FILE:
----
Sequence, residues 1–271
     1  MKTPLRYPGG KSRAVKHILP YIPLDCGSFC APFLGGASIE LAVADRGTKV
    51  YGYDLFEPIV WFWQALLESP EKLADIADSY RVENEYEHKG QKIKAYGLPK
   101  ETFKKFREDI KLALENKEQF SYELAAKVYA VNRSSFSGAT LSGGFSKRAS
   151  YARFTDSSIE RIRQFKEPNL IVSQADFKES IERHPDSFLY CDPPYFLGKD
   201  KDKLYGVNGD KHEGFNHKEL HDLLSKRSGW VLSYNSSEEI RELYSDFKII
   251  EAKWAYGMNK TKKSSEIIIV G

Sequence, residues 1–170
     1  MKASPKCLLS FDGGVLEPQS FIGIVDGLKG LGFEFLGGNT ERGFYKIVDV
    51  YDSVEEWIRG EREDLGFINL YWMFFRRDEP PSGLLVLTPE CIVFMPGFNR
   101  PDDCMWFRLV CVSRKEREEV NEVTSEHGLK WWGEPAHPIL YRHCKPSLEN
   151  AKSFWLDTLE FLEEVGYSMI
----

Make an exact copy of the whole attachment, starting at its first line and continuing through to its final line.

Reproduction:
Sequence, residues 1–271
     1  MKTPLRYPGG KSRAVKHILP YIPLDCGSFC APFLGGASIE LAVADRGTKV
    51  YGYDLFEPIV WFWQALLESP EKLADIADSY RVENEYEHKG QKIKAYGLPK
   101  ETFKKFREDI KLALENKEQF SYELAAKVYA VNRSSFSGAT LSGGFSKRAS
   151  YARFTDSSIE RIRQFKEPNL IVSQADFKES IERHPDSFLY CDPPYFLGKD
   201  KDKLYGVNGD KHEGFNHKEL HDLLSKRSGW VLSYNSSEEI RELYSDFKII
   251  EAKWAYGMNK TKKSSEIIIV G

Sequence, residues 1–170
     1  MKASPKCLLS FDGGVLEPQS FIGIVDGLKG LGFEFLGGNT ERGFYKIVDV
    51  YDSVEEWIRG EREDLGFINL YWMFFRRDEP PSGLLVLTPE CIVFMPGFNR
   101  PDDCMWFRLV CVSRKEREEV NEVTSEHGLK WWGEPAHPIL YRHCKPSLEN
   151  AKSFWLDTLE FLEEVGYSMI